As well as encouraging students to collaborate, the spaces promote independent working. Students can book areas in the library to practise presentations and do mock interviews without being interrupted. They can use recording tools to review their performance, improving their skills, confidence and job prospects.

A virtual classroom facility gives students who can’t make it on to campus a sense of belonging.

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Moriamo Oduyemi
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Moriamo Oduyemi, head of corporate information systems, says students will be able to take ownership of this virtual classroom and use it for their own activities, like managing student societies.

"The social interaction element of these spaces is as important as the academic side. We’re hoping some of the tools students are using for their learning can be used effectively for that as well.”

From a blank page to a winning formula

We worked with Abertay to shape the sticky campus renovation project, attending workshops and offering guidance. James said:

“Jisc was involved from the discovery stages when we were looking at what other organisations were doing and what was happening in the sector.

“They encouraged us to think how we could make digital technology part of the curriculum.”

The team found the Jisc student digital experience tracker useful when they compared what they were doing with other institutions. Alastair said:

“The tracker has been fantastic for benchmarking, as well as getting staff and student feedback on our learning spaces.”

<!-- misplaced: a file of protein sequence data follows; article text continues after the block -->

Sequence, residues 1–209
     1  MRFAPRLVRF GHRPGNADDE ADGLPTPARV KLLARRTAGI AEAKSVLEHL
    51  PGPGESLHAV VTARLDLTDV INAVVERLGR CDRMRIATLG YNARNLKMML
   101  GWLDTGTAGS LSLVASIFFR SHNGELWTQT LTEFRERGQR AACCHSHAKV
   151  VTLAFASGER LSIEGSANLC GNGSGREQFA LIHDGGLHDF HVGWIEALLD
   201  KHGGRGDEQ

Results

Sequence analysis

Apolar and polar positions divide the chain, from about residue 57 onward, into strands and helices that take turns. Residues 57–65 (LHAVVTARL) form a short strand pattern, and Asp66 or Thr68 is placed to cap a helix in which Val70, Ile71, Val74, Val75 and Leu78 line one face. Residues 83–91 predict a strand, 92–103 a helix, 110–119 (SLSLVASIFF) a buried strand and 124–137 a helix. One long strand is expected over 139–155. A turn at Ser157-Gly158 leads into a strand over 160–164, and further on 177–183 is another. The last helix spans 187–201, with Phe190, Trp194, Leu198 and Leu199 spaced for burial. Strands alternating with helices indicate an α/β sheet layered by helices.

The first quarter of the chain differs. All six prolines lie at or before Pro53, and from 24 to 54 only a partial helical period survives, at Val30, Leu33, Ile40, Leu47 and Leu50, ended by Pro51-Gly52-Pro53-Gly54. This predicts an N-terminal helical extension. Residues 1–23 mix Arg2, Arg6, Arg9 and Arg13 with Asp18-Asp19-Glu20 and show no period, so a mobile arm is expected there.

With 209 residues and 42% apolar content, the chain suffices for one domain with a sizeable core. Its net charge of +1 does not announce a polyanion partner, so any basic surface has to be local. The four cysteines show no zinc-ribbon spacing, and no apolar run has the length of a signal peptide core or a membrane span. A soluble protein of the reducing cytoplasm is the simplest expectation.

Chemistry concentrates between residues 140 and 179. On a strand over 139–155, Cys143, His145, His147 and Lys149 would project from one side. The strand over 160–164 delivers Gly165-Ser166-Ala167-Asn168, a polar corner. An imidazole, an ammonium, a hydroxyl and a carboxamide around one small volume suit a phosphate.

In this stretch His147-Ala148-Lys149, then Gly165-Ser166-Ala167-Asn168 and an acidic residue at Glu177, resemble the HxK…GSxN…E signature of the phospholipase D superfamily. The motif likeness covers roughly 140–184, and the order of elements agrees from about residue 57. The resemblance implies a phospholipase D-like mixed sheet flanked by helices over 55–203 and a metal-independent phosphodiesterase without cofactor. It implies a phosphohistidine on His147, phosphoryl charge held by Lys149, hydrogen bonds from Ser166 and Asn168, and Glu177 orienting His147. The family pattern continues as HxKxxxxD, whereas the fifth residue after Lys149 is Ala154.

Our consultants took part in the university’s workshops for staff to look at what they needed from redesigned classrooms.

“A lot of the initiatives that came out of that workshop fed into the final decision-making,” says James.

Ian used our Higher Education Learning Space Toolkit to guide discussions with colleagues on how to create the new environments. He said:

“It’s very difficult to get people to discuss what they might want in a physical space when you start with a blank sheet of paper.

“It’s much easier when there are examples they can use to think about what would work.”

For the new spaces to be a success, the university needed excellent wifi coverage throughout the campus. This was taken care of by our Janet Network. Alastair said:

“There were other small things too that really added up in our planning of spaces, like making sure there were enough power points for students to charge their laptops between classes.”

“The traditional classroom set up is no longer good enough”

Alastair says that upscaling digital literacy for staff was another big driver for the sticky campus project. He believes the new spaces, and technology, have inspired teaching and learning. He said:  

“They offer a much richer set of pedagogies and higher quality student experience than traditional lectures and tutorials.

"It’s opening up new avenues for staff to engage with students, which is critical.”

Adopting the sticky campus approach has allowed the university to stay relevant in a competitive market.

“The traditional classroom set up is no longer good enough,” says Ian.

“Our students have already been exposed to some of this technology at school. So having this modernised approach to classroom space is one that students are expecting and demanding.”

How can we support you?

If you’d like the sticky campus roadshow to come to your university, or you want to find out more about our workshops, please contact Simon Farr (


  • 1 Student names have been changed
  • 2 Student names have been changed